Number 10 rejected the view that the huge oil price rise was due to speculation, saying that on the contrary the speculation was a function of signals by Opec, and the lack of balance between supply and demand.and from the Telegraph :
Crude prices were pushed lower as the dollar strengthened and signs emerged that US fuel consumption is dropping. The debate on whether oil prices are likely to stay high permanently has heated up in recent weeks after the crude price broke the $135-a-barrel level for the first time.It's nice to know, then, that physicsists (especially econophysicists) have got a handle on the situation. Sornett et al reveal something different in an academic research paper lodged with the arXiv e-print archive a few days later, and discussed in the physics arXiv blog:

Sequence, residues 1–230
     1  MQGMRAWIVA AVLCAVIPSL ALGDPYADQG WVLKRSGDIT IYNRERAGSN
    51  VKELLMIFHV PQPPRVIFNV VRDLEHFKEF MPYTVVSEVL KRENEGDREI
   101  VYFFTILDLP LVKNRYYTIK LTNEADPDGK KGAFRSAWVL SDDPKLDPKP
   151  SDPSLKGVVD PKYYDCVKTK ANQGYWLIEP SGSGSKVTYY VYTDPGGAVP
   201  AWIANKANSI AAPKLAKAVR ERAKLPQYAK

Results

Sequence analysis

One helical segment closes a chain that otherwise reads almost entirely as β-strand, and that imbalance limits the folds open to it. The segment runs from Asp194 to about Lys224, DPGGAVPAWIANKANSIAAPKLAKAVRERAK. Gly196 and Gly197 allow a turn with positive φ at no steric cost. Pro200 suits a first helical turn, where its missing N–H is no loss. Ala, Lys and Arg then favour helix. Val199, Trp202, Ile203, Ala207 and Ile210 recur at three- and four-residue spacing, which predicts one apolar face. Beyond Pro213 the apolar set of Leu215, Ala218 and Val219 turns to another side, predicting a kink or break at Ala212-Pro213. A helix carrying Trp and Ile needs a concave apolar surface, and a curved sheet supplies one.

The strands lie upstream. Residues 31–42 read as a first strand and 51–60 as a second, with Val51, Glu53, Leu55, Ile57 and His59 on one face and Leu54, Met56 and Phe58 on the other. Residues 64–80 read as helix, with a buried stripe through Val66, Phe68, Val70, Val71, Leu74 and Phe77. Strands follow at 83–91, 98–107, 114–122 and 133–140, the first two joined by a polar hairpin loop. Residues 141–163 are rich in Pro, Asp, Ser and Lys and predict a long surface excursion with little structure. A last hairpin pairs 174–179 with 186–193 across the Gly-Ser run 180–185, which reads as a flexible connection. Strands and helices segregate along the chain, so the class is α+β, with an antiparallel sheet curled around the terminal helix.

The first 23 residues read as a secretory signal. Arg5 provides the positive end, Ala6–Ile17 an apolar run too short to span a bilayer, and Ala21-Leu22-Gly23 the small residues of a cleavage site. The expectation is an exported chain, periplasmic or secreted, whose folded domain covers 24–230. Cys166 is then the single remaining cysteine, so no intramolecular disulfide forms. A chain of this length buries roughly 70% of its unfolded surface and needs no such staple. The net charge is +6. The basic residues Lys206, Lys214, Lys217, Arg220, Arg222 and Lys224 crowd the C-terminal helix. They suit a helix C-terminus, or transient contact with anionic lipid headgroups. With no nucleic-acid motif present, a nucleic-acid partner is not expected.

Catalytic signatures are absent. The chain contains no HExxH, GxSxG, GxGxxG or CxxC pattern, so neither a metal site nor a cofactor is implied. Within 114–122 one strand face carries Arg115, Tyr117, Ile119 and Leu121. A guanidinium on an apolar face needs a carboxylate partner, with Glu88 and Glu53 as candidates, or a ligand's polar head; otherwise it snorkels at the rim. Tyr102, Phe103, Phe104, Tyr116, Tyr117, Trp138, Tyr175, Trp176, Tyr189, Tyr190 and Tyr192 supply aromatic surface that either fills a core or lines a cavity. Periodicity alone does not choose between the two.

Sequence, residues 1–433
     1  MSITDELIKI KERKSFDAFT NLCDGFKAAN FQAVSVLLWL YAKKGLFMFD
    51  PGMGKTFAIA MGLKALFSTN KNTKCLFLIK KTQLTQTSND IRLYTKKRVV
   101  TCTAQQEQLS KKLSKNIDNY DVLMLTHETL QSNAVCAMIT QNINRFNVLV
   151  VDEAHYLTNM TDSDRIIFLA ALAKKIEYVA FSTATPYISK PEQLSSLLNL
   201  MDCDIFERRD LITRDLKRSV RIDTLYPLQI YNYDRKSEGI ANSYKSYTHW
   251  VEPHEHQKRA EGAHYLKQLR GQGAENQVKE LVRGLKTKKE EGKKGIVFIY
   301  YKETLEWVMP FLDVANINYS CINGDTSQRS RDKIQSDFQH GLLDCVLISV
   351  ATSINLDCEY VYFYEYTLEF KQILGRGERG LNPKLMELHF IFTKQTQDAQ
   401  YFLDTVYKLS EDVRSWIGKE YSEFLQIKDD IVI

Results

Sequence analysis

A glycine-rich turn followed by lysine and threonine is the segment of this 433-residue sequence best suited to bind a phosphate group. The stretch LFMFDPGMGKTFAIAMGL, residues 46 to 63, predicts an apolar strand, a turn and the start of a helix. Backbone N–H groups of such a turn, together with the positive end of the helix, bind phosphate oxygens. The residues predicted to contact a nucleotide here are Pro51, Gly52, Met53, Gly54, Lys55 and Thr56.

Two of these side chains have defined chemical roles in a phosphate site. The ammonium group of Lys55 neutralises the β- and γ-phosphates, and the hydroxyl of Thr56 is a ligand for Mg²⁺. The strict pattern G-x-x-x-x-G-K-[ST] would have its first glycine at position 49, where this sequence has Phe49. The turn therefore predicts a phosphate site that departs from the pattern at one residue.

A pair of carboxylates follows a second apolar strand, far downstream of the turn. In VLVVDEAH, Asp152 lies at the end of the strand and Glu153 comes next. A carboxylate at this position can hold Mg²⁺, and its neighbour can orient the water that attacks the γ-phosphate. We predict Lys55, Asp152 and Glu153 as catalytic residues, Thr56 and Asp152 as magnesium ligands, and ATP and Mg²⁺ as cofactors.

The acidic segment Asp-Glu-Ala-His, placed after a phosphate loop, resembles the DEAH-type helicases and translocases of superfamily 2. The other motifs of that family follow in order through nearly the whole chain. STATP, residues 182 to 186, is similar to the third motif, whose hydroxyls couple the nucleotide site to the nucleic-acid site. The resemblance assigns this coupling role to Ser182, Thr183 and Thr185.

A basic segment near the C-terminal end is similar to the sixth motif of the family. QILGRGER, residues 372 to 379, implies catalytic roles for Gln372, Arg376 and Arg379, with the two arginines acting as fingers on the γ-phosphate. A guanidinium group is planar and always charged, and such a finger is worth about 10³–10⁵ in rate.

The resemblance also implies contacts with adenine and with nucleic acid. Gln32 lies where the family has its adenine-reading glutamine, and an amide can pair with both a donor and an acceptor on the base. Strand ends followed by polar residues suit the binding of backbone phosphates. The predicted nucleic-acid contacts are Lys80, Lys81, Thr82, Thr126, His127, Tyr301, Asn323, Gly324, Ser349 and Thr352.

Analysts at Goldman Sachs have forecast that the price could rise to $200 in coming years.
We present an analysis of oil prices in US$ and in other major currencies that diagnoses unsustainable faster-than-exponential behavior. This supports the hypothesis that the recent oil price run-up has been amplified by speculative behavior of the type found during a bubble-like expansion.A rather striking graph is given which neatly predicts the recent sharp drop in oil prices. Not predicted by our own prime-ministerial economics expert, Gordan Brown.